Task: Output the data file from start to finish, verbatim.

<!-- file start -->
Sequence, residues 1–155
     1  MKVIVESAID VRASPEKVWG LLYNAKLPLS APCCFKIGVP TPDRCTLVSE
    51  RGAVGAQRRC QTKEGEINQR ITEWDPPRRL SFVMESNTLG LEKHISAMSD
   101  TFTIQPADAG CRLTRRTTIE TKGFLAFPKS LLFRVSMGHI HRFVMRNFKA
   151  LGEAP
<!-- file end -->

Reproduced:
Sequence, residues 1–155
     1  MKVIVESAID VRASPEKVWG LLYNAKLPLS APCCFKIGVP TPDRCTLVSE
    51  RGAVGAQRRC QTKEGEINQR ITEWDPPRRL SFVMESNTLG LEKHISAMSD
   101  TFTIQPADAG CRLTRRTTIE TKGFLAFPKS LLFRVSMGHI HRFVMRNFKA
   151  LGEAP